Rustic Small Bathroom Remodel

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This small bathroom remodel combines frugal tips on storage with DIY repurposing projects while creating a rustic, one of a kind space.

This small bathroom remodel combines frugal tips on storage with DIY repurposing projects while creating a rustic, one of a kind space.

(I’ve included some affiliate links for products I used for your convenience.  Click here to read my full disclosure policy.)

If you follow me on Instagram or facebook you know we’ve been in the middle of a bathroom demolition for several weeks.

We live in a 2000 square foot house that was built in the 1950’s. Need I say more?

The bathrooms are tee-ninesy. That’s Southern for “if you sit on the toilet your elbows touch the wall and your arms can reach the bathtub.”

And my favorite part? When you sat on said toilet the door opened into your legs, which was always fun when the kids were smaller.


We have not touched anything structurally in this room for the 22 years we’ve lived here.

Until now. 

Dun dun dun

(cue the music).

Say goodbye to green floor tiles, sponge painted walls and ugly wall tile.

Small Bathroom Remodel Before from Marty's Musings

Welcome white bead board, fence board cabinet and shelves, new fixtures and thrfited accessories with aqua and coral accents.

A kitchen with a sink and a mirror

 I’m in love.

The whole reason for the small bathroom remodel? A leak behind the shower kit that was rotting the baseboard. 

Small Bathroom Remodel Before from Marty's Musings

Even though the rotted area wasn’t as large as we feared, we knew it was an opportunity to tackle another DIY project from the ground up.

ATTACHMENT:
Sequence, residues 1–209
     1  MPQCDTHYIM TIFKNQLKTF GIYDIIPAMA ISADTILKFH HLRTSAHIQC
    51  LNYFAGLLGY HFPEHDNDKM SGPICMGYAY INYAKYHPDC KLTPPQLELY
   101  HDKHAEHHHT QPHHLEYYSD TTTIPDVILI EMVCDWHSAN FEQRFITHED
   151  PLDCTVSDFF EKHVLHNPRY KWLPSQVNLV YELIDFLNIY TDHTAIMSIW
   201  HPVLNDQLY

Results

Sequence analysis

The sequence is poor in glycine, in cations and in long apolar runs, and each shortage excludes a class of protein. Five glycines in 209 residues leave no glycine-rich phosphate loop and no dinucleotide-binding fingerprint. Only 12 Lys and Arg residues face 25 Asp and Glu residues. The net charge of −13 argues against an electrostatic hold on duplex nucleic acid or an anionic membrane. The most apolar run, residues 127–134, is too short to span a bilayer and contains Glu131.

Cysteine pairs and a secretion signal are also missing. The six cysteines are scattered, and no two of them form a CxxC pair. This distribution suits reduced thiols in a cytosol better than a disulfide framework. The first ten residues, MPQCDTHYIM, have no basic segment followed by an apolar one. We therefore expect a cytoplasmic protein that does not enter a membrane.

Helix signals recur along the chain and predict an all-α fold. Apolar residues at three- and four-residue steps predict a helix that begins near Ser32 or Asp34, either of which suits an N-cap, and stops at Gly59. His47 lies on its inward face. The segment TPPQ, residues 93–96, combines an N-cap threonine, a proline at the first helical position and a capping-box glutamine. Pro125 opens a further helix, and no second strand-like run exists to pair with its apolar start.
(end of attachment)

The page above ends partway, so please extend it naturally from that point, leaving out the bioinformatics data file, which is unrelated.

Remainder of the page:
The only things that remained were the toilet and tub. Everything else? Gone!

The most important thing we did was enlarge the room and discover a source of surprising space. We removed the original door and Tim bought and installed a frame and casing and moved the door 3 feet farther out. This one move was the topic of many heated lively discussions.

I went with my gut instinct that this change would open up the feel of the bathroom even if it was just by a smidgen. That’s Southern for “just a wee bit.”

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A close up of a door

 As you’re looking into the bathroom you can see that the door on the left is gone (now replaced with an accordion door) as is the original bathroom door.

A close up of a door

Removing the shower doors, shower kit, sheetrock and wall tile, as well as painting the bathtub were an essential part of the game plan.

Total fun? A frilly shower curtain with new coral towels. 


Tim has written a great tutorial on how he tiled the shower himself (parts one and two) with Bondera tile mat adhesive. The end product? Beautiful and totally professional looking.

DIY Shower Tutorial from Marty's Musings-18

The shower fixtures were an oil rubbed bronze finish that stands out against the tile so well, and I love the new style!

A view of a tiled wall

These metal shower organizers were the perfect touch to corral all our toiletries. 

A group of people in a room

One of my most favorite parts? The new russet glass vessel sink, farmhouse style faucet and fence board cabinet Tim built.

Can you tell we have a thing for repurposed fence board projects?

A stove top oven sitting inside of a bowl, with Bathroom and Fence

Did you spy anything unique above the sink earlier? Check out this old window mirror. Yep, we like window projects, too.

A close up of a refrigerator

In this picture you can see Tim removed the cabinet above the toilet, built fence board shelves and an over the toilet tank stand for organization. 

A bedroom with a large mirror

Then I got busy decorating with dollar store baskets and repurposed items.

Small Bathroom Remodel from Marty's Musings-8

Did you recognize that this shelf is a cd rack turned on its side? $2 yard sale steal and I love it!

Small Bathroom Remodel from Marty's Musings-11